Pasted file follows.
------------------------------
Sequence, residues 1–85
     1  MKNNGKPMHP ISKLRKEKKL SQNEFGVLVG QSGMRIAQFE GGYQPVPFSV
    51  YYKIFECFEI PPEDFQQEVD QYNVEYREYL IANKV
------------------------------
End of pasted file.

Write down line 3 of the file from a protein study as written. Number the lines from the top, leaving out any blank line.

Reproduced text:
    51  YYKIFECFEI PPEDFQQEVD QYNVEYREYL IANKV